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Rabbit vs. Hare

Abhijit Naik May 10, 2019
A compilation of some points of distinction between rabbits and hares intended to help you differentiate between the two species. Read on....
The fact that black-tailed jackrabbit is not a rabbit or that the Belgian hare is not a hare, is bound to leave you in a confused state of mind. Basically, the Black-tailed jackrabbit is a species of common hare native to the United States and Mexico, while the Belgian hare is a breed of domestic rabbit selectively bred to resemble a hare.
Though that was no doubt a bit confusing, most of the people out there would find it difficult to differentiate between a rabbit and a hare owing to some striking similarities between the two species.

Leporids: Rabbits and Hares

Leporids - better known as rabbits and hares, are mammalian species which are found across the world except in Antarctica and Oceania. There exist somewhere around 50 species in this family of kingdom Animalia, which are categorized into several taxonomic groups.
Of these taxonomic groups, only the members belonging to genus Lepus are referred to as hares, while the members of the remaining taxonomic groups are referred to as rabbits.
Both rabbits and hares, together with pikas, make up the order Lagomorpha of kingdom Animalia.

Rabbit Vs Hare

There exist several similarities between the two animals, and all the confusion between the two are attributed to these very similarities. However, everything that meets the eye is not true in this case, and that's what you need to understand if you are to differentiate between them.
As similar as they may seem to be, there exist quite a few differences between rabbit and hare - most of which revolve around their physique, lifestyle and dietary habits. Here are 10 points of distinction that will help you differentiate a rabbit from a hare.
★ The foremost point of distinction when it comes to rabbit and hare comparison is that of the general appearance of the two, wherein the hare is not just larger than the rabbit, but also sports larger ears and black markings on its fur.
★ Hares have larger and stronger hind legs as compared to the rabbits, and hence, they are lot faster than the latter. In fact, the European brown hare can clock an amazing speed of 45 mph with amazing ease.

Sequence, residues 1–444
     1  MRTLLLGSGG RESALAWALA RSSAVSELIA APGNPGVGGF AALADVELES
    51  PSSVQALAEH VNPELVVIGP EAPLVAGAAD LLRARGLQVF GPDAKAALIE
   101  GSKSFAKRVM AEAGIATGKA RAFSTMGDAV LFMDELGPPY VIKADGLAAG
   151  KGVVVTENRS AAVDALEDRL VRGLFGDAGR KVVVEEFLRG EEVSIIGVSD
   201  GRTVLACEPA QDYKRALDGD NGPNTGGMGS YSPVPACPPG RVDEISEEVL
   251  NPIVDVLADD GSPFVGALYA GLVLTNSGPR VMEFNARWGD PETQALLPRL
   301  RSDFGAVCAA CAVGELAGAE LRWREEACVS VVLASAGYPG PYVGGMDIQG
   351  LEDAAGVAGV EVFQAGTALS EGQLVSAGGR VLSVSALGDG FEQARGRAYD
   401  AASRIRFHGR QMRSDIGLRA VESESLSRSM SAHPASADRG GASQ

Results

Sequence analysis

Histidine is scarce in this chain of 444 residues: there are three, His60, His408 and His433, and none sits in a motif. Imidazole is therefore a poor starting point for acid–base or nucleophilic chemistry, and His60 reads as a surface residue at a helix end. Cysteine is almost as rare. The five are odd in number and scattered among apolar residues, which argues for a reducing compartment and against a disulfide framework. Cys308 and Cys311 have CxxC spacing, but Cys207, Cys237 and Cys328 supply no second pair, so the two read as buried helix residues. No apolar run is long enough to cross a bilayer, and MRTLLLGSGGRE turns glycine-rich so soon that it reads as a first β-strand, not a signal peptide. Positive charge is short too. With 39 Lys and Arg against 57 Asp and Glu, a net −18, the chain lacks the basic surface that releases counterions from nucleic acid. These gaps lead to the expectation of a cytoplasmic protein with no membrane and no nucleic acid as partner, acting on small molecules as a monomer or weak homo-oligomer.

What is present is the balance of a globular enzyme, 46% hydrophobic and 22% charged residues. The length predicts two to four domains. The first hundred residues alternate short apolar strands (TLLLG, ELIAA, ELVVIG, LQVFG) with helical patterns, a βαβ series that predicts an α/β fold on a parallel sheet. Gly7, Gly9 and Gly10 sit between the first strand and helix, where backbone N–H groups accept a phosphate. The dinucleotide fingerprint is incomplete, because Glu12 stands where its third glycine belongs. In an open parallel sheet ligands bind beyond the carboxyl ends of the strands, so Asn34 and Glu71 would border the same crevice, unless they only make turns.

★ Even though molting is common to both the species, the fur coat in rabbits remains of the same color all year-round, while the same in hare species - such as the snowshoe hare, is known to change from grayish-brown in summer season to white in winter.
★ While all the species of rabbits - with the exception of cottontail rabbits - such as the Eastern cottontail, live in burrows in ground, hares live in flattened nests of grass - which are referred to as forms, on the ground.
★ As hares stay in nests on ground, they rely on speed and camouflage when it comes to defense. Even though rabbits are not as fast as hares, the fact that they stay in burrows, and seldom venture far from their homes, helps them dodge predators with ease.
★ The young ones of rabbits - known as kittens, are born blind and don't have any fur on their body, while the young ones of hares - known as leverets, can see and run from the day they are born.

★ Rabbits are social animals who prefer to live in colonies, while hares - who most often lead a solitary life, are only seen in pairs during the mating season.
★ The fight for dominance is not at all rare in rabbit males, wherein the most dominant of the male mates with all the females in the colony. However, no such behavior is seen when it comes to hares.
★ When it comes to dietary habits, rabbits are known to prefer tender foods such as grass and vegetables, unlike hares who would eat anything right from plants and shoots to tree bark.

★ While the trend of keeping rabbits as pets has become quite popular owing to their docile nature, hares are wild animals who are not known to do well in captivity.
Despite these differences between the two, both rabbits and hares continue to enjoy a celebrity status when it comes to popular culture and folklore, and the popularity of the WB's cartoon character Bugs Bunny, Br'er Rabbit in Disney's Song of the South, the March Hare in Lewis Carroll's Alice's Adventures in Wonderland, etc., speaks in volumes about them.